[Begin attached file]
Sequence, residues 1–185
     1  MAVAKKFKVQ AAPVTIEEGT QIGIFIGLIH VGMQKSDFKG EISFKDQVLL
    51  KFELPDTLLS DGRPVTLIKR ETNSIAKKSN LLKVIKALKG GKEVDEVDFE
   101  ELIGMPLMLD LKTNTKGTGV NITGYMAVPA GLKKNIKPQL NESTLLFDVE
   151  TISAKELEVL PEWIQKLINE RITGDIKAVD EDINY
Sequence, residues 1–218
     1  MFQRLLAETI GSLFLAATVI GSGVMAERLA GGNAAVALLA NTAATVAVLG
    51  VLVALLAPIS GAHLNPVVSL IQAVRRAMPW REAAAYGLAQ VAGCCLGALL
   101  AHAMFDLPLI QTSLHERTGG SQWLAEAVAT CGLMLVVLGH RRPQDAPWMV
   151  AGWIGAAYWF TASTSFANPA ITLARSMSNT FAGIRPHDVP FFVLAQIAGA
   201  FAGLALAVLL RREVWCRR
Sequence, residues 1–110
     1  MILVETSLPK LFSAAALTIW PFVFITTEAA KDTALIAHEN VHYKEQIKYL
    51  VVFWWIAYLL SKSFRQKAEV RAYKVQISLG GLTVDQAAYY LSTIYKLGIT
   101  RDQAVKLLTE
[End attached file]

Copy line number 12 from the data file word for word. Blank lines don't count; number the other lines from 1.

Sequence, residues 1–110